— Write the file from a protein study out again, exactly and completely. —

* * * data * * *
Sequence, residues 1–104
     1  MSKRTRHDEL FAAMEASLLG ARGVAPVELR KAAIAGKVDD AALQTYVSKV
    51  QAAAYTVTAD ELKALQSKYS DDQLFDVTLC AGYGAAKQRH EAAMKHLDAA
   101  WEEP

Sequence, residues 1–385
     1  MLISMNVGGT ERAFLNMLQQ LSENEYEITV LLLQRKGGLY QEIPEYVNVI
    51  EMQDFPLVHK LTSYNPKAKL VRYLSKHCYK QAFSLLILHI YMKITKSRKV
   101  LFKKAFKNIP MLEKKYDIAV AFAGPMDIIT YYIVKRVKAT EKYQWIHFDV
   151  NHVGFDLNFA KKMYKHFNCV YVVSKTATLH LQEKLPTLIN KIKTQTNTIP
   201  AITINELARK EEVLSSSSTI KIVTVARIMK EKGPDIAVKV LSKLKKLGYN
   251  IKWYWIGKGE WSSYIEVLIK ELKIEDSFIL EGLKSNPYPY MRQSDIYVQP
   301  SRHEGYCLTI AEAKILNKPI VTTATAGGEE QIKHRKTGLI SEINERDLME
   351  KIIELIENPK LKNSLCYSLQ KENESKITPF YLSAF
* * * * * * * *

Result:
Sequence, residues 1–104
     1  MSKRTRHDEL FAAMEASLLG ARGVAPVELR KAAIAGKVDD AALQTYVSKV
    51  QAAAYTVTAD ELKALQSKYS DDQLFDVTLC AGYGAAKQRH EAAMKHLDAA
   101  WEEP

Sequence, residues 1–385
     1  MLISMNVGGT ERAFLNMLQQ LSENEYEITV LLLQRKGGLY QEIPEYVNVI
    51  EMQDFPLVHK LTSYNPKAKL VRYLSKHCYK QAFSLLILHI YMKITKSRKV
   101  LFKKAFKNIP MLEKKYDIAV AFAGPMDIIT YYIVKRVKAT EKYQWIHFDV
   151  NHVGFDLNFA KKMYKHFNCV YVVSKTATLH LQEKLPTLIN KIKTQTNTIP
   201  AITINELARK EEVLSSSSTI KIVTVARIMK EKGPDIAVKV LSKLKKLGYN
   251  IKWYWIGKGE WSSYIEVLIK ELKIEDSFIL EGLKSNPYPY MRQSDIYVQP
   301  SRHEGYCLTI AEAKILNKPI VTTATAGGEE QIKHRKTGLI SEINERDLME
   351  KIIELIENPK LKNSLCYSLQ KENESKITPF YLSAF